Branding, my publisher tells me, is important. It is how people see, you, it’s what makes you stand out from the crowd, it’s how you connect to your audience. The books themselves do have a brand image, both covers feature a blue door. It wasn’t intentional, as anyone who has read my blog ‘The Unsavoury Business Choosing a Book Title’ will be aware, ‘Unsavoury Business’ was originally called ‘Jack in the Box’ which suggests a quite different cover image.
So what is my brand? In retrospect, maybe it did become ‘old bloke writes first book at seventy’. In which case the brand was doomed when it became ‘old man writes another book’. Certainly if ‘Unsavoury Business’ had been a Kate Atkinson novel it would be entitled ‘Started Badly, Took a Tumble’. That certainly can be said about my second book signing event as on the way back to the car I did trip over and bash my knee. But then again, if it had been a Kate Atkinson novel it would be selling like hot cakes. One reviewer of ‘The Death of a Smoker’ did describe it as “Just like Kate Atkinson’ though perhaps that was a tad over generous. At least the same reviewer was kind enough to describe ‘Unsavoury Business’ as ‘Another finely crafted novel’; definitely a fan as they went on to say ‘Just hope that the wait for Book 3 in the series is not too long!’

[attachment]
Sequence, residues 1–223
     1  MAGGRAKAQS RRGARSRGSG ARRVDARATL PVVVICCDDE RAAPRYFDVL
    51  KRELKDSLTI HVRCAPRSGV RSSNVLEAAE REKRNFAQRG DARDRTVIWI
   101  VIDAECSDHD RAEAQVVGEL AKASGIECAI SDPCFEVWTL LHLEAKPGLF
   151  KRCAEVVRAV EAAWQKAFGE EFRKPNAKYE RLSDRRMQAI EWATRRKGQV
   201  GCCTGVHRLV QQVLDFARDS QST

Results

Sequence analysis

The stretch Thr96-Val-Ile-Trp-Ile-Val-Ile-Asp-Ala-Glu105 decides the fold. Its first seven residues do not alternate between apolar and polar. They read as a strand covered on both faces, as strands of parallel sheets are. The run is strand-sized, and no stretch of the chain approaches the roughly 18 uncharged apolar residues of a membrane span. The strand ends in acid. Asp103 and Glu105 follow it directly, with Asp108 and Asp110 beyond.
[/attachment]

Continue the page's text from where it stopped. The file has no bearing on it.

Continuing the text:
How long will that wait be? Who can tell? If Wikepedia is to be believed, Mick Herron’s ‘Slow Horses’ had such disappointing sales that his publisher declined the next book in the series. Maybe it’s a case of ‘Old Man is Just Impatient’? It can’t be that bad if a) your first novel is likened to Kate Atkinson, and b) sales of the second book (at least this far in) are as ‘disappointing’ as those of ‘Slow Horses’. I read somewhere that it took about five or more years before Mick Herron’s Slough House series took off, but I am a little older than Mick Herron, so maybe a little impatience can be forgiven?
So do I need a rebrand? And what would it be? Perhaps I should venture into TikTok land or even post a video, apparently now called a reel, on Instagone? What might stick in people’s minds? A catchy jingle perhaps? So with apologies to the singer and song writer Tom Paxton……
Take a look, buy my book, right away, sir,
With my novel in your hand, feel your eager mind expand,
Take a look, buy my book, it's just great, sir.